EP represents the extent to which a given 8-mer is found in the noncoding exons as opposed to pseudo exons; this z-score was calculated as in Fairbrother et al. (2002). When this index is <0, the absolute value is taken as the silencer scoring index, SP. Similarly, EI and SI represent the scoring indices for noncoding exons compared with the 5′ UTRs of intronless genes. An index of 2.88 corresponds with p < .002, and an index of 2 corresponds with p < 0.03. The random chance for an 8-mer to pass both criteria at 0.002 is 10-4. A more detailed description of the calculations is provided in Supplemental Material. A list of all 8-mers and their corresponding z-scores is available as a 1.7 MB text file at http://www.columbia.edu/cu/biology/faculty/chasin/xz3/octamers.txt.

Clustering and sampling putative ESS/ESEs

We clustered the 974 PESSs and 2069 PESEs using a hierarchical clustering algorithm (Fairbrother et al. 2002). Using a dissimilarity cutoff of 3.2 in the dendrogram yielded 69 PESS clusters and 80 PESE clusters (see Supplemental Material).

Statistical analysis of the PESS/PESEs in coding exons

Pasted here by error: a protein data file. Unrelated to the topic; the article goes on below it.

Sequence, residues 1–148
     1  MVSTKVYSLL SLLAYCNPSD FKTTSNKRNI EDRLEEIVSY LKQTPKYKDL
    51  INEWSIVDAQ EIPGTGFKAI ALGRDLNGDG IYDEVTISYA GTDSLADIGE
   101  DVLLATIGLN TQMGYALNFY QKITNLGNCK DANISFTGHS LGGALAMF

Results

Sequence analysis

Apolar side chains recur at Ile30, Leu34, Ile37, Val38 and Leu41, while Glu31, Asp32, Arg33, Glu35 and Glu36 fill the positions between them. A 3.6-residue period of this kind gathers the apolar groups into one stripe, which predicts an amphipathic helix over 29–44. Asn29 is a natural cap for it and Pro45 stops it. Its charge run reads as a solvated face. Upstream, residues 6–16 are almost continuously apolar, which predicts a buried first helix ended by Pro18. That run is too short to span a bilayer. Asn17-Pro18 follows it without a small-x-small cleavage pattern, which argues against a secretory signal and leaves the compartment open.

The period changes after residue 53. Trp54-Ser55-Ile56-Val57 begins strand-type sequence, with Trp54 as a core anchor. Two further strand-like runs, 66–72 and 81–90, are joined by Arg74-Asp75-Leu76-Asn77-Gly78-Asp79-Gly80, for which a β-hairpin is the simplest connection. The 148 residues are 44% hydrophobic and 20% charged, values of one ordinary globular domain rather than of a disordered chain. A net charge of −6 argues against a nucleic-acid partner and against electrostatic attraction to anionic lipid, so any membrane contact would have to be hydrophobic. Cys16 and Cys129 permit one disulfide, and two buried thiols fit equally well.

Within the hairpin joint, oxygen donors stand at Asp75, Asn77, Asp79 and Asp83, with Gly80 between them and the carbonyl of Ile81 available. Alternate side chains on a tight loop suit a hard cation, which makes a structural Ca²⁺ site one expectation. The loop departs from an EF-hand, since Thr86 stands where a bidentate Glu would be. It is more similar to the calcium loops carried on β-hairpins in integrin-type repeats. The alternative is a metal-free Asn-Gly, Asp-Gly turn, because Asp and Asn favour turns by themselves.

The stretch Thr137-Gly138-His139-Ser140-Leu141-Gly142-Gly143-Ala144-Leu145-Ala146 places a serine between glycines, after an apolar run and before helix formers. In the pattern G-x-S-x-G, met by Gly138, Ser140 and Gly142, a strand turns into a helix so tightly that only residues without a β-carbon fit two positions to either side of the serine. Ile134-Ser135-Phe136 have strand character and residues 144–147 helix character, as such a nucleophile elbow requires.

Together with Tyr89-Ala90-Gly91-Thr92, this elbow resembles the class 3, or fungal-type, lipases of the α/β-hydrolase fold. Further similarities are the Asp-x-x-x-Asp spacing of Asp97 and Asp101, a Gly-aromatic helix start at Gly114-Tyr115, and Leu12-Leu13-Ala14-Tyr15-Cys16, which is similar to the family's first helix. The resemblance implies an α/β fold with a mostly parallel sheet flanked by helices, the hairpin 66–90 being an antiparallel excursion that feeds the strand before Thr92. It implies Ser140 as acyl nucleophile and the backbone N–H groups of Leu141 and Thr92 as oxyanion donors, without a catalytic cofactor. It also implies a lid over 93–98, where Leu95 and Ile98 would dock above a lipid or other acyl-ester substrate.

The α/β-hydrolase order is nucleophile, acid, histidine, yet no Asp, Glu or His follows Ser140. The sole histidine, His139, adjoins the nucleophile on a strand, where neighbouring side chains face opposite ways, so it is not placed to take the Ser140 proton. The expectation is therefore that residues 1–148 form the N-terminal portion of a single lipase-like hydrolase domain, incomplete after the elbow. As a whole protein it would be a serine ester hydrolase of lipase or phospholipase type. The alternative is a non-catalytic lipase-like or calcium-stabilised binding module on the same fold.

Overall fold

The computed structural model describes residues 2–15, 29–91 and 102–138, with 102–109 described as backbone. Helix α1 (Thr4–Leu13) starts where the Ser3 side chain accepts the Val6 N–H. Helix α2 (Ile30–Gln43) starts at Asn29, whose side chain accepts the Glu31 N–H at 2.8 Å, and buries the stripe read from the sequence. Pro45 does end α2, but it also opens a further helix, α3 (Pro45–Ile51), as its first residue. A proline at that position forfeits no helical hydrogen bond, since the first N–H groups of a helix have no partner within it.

From among more than 120,000 internal coding exons, we chose to look at those 50-250 nt long and flanked by at least 100 nt of intron sequence on both sides. We extracted 100 nt of sequence from each of these 78,000 exons: 25 nt from each end and 50 from the center. If an exon was shorter than 100 nt, we only considered the two ends. For a composite intron, we collected all the corresponding introns that were at least 100 nt long. We also divided these into three parts: a 100-nt 5′ end, a 100-nt region at the center, and a 100-nt 3′ end. If an intron was shorter than 300 nt, we only considered its ends. We calculated the average frequency of all PESSs or PESEs at each position of these uniform exons and introns. Pseudo exons overlapping highly repeated sequences were excluded.

Constructs